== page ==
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What Is a Wetland?
Wetlands are habitats that fall somewhere on the environmental spectrum between land and water. Since wetlands lie at the interface of terrestrial and aquatic habitats, they possess a unique mixture of species, conditions, and interactions. The world's largest wetland is the Pantanal which straddles Brazil, Bolivia and Paraguay in South America.
Wetlands are considered the most biologically diverse of all ecosystems. Plant life found in wetlands includes mangrove, water lilies, cattails, sedges, tamarack, black spruce, cypress, gum, and many others. Animal life includes many different amphibians, reptiles, birds, insects, and mammals.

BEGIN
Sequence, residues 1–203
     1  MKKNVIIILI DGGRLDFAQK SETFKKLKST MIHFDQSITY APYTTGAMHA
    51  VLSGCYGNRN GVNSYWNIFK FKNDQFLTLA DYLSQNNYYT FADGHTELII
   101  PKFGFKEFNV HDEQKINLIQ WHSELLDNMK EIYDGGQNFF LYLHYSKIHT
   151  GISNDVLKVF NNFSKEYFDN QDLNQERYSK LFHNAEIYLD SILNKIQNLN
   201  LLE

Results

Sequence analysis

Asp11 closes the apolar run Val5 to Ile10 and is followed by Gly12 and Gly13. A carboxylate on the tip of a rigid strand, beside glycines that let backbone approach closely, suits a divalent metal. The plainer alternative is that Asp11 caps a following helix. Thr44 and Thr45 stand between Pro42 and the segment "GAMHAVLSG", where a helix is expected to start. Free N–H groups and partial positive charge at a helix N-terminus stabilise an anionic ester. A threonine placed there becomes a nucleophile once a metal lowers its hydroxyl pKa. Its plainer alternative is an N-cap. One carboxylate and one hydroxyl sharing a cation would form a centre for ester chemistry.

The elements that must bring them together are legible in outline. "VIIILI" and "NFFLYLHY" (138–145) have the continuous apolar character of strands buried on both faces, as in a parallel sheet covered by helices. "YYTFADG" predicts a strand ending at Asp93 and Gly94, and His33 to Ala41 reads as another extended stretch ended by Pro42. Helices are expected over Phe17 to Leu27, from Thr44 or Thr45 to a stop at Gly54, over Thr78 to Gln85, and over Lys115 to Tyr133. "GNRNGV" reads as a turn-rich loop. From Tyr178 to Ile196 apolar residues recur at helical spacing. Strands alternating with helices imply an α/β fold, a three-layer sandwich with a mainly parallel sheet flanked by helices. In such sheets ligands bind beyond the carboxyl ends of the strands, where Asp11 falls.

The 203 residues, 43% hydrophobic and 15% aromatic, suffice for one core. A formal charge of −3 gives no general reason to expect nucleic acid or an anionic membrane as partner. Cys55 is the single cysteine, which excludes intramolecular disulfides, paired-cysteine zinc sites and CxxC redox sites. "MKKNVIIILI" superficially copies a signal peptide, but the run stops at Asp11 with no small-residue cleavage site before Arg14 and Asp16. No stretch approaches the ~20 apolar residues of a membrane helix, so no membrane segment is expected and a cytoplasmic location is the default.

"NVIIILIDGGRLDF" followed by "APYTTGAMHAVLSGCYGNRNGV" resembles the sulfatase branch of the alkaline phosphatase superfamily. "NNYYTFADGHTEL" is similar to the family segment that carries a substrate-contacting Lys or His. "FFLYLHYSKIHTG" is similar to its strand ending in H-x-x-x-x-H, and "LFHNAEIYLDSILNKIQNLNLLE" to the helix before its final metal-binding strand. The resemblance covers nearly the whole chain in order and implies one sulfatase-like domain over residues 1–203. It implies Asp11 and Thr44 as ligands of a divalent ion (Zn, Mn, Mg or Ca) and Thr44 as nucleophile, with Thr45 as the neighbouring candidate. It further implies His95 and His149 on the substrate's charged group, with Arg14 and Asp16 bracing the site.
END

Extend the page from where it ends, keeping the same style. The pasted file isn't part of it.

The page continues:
The water found in wetlands can be saltwater, freshwater, or brackish.
Some common wetlands include: salt marshes, coastal fresh marshes, swamps, bogs, vernal pools, forested floodplain wetlands, pocosins, prairie potholes.
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